The Defense Department is developing an expanded missile defense policy that would focus on threats from Russia and China, while also bolstering efforts against rogue states like North Korea and Iran, the Washington Post reports. The draft policy reflects a shift in strategic focus towards “great power competition” that was foreshadowed by the National Security Strategy released by the administration in December of last year. The policy would specifically focus on how the United States can deal with threats to regional theaters like Europe and Asia. The change in policy comes as Russian President Vladimir Putin announced that Russian has a hypersonic, nuclear-powered cruise missile that can breach U.S. defenses. The policy also comes as Stephen Walker, the director of DARPA, said that similar research into hypersonic missiles by the agency is being underfunded, according to Foreign Policy. The 2019 budget has requested an increase in funding for such research.

China appears to be ramping up its enforcement of U.N. sanctions against North Korea along its borders, the Wall Street Journal writes. Checkpoints like the one in Quanhe, once a hive of activity, are now scenes to local Chinese businesses that are hit hard by the factory closures, increases in prices, and power shortages that are starting to occur in North Korea as a result of the sanctions. The impacts of the sanctions will likely only increase as the country runs low on foreign currency.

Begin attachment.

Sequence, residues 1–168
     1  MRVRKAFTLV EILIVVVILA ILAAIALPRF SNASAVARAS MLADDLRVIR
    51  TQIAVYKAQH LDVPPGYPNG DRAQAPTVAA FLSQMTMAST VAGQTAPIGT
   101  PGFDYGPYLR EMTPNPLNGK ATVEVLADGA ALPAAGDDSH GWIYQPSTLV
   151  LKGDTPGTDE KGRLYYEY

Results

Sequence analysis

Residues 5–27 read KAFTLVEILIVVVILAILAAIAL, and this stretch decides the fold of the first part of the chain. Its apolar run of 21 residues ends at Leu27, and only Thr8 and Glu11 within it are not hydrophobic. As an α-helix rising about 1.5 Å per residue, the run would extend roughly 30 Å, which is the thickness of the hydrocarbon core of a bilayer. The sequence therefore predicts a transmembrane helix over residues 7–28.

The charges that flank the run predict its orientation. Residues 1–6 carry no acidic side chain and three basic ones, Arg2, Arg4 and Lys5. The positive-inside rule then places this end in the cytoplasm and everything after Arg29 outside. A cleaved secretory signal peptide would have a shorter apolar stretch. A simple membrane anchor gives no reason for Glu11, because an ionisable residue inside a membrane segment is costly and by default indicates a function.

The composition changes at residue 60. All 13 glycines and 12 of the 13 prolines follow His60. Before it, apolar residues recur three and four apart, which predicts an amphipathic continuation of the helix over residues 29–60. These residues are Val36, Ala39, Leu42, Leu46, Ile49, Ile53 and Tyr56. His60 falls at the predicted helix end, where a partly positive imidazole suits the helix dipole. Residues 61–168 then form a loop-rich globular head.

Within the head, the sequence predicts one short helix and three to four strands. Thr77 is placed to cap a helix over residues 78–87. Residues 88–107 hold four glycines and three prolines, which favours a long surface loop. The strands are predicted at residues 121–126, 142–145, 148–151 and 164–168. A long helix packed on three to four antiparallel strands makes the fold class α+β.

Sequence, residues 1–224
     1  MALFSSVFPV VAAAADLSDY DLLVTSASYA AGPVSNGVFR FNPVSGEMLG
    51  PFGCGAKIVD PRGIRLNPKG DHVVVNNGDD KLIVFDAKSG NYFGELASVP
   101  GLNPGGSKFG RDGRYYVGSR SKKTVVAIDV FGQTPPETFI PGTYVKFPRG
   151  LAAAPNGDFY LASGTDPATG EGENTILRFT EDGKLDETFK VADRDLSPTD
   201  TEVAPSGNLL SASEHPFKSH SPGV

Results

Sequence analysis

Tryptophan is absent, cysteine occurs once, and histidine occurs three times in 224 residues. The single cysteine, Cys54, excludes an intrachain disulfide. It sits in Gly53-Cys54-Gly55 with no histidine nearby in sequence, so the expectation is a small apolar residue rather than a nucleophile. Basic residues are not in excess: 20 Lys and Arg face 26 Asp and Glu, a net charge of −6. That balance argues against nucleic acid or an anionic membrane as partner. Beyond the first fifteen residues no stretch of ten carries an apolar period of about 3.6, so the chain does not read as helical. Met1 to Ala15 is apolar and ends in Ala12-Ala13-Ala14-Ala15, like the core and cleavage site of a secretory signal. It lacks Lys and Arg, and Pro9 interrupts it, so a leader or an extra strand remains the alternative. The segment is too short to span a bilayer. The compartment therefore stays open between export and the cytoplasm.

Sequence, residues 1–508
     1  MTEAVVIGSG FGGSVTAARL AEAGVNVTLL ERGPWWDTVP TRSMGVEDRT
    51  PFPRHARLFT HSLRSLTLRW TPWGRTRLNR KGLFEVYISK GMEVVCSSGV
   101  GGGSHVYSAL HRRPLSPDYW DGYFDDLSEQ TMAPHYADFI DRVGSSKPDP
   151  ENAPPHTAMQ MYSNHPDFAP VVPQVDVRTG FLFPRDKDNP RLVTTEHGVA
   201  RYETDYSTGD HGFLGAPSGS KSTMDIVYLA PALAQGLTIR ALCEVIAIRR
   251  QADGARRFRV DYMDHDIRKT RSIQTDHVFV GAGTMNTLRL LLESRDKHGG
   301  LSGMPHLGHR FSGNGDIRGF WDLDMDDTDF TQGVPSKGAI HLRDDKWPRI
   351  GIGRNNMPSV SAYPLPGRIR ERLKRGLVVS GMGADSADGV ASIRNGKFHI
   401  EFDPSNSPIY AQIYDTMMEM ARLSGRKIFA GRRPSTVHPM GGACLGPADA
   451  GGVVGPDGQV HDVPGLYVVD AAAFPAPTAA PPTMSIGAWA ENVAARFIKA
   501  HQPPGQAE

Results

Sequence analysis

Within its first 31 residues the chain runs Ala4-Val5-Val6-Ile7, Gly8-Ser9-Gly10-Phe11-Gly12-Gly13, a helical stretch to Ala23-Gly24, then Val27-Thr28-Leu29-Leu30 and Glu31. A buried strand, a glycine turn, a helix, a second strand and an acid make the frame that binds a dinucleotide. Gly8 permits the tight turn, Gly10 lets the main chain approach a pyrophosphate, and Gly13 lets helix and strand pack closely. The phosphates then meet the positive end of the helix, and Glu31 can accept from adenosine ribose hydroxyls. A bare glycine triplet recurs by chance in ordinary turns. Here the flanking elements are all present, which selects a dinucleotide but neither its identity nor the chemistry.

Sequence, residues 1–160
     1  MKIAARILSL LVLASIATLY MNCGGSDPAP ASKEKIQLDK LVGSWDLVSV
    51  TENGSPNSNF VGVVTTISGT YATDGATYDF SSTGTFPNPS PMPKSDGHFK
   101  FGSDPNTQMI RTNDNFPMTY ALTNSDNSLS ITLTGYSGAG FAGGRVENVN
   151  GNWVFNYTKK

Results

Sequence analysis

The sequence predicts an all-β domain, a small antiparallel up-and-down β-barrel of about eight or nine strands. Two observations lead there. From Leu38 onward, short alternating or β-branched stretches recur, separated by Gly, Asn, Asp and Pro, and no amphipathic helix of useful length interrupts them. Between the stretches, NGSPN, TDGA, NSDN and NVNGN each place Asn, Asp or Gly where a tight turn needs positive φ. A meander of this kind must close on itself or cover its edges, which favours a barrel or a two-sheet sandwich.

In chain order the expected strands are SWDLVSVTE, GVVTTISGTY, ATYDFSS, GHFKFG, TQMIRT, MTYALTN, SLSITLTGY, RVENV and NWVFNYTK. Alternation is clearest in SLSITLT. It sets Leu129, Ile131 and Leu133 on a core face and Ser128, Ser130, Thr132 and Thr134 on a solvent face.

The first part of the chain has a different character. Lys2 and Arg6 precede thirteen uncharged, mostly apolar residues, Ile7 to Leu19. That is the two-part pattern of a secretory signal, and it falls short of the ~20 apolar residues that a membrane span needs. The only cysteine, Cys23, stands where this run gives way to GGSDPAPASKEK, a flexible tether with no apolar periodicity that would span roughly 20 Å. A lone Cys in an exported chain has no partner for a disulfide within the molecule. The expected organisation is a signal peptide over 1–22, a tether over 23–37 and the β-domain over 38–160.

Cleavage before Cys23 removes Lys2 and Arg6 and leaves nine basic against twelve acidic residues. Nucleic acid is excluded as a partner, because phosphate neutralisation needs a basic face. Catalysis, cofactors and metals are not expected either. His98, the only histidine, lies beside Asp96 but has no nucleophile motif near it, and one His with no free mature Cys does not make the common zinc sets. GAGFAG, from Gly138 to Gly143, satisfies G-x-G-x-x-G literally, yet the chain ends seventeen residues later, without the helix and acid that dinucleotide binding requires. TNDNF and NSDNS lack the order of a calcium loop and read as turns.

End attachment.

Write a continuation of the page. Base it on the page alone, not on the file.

The United States hopes to put to a vote next week a resolution to create a new U.N. inquiry into who is responsible for the chemical attacks in Syria, Reuters tells us. The previous investigation into culpability, known as the Joint Investigative Mechanism, ended last year after Russia, which sees the mechanism as flawed, blocked attempts to renew it. The resolution envisions the creation of a U.N. Independent Mechanism of Investigation for one year.

Roberta S. Jacobson, the U.S. ambassador to Mexico and a veteran diplomat, plans to leave her post later this spring, the Post informs us. Jacobson, who is well-respected in Mexico, is one of a number of State Department officials who have departed for personal reasons as the Trump administration settles in. Jacobson will likely be succeeded by Trump ally and former General Motors and AT&T CEO Edward Whitacre, Jr., a colleague of Secretary of State Rex Tillerson. The new ambassador will enter at a fraught time in the U.S.-Mexico relationship, as tensions increase over the proposed border wall, renegotiation of NAFTA, and the upcoming Mexican presidential election.

ICYMI: Yesterday on Lawfare

William Ford posted the joint resolution on Yemen introduced by Senator Bernie Sanders and the response of the Defense Department General Counsel.

Benjamin Wittes posted the Rational Security podcast.  

David Kris commented on the irony behind the claims in the Nunes memo.

Chris Mirasola summarized the EU General Data Protection Regulation set to take effect on May 25.

John J. Farmer, Jr. and Edward M. Neafsey examined why Trump may have backed away from his previous endorsement of torture.

Megan Reiss flagged a report by the U.N. detailing sanctions evasion by North Korea and Syria through the illicit weapons trade.

Phil Caruso described the rise of China’s human intelligence operations in the U.S.

Bob Bauer explained why Trump’s latest attack on Attorney General Jeff Sessions is not “old news.”

Phillip Carter addressed three questions that loom for civil-military relations under Trump.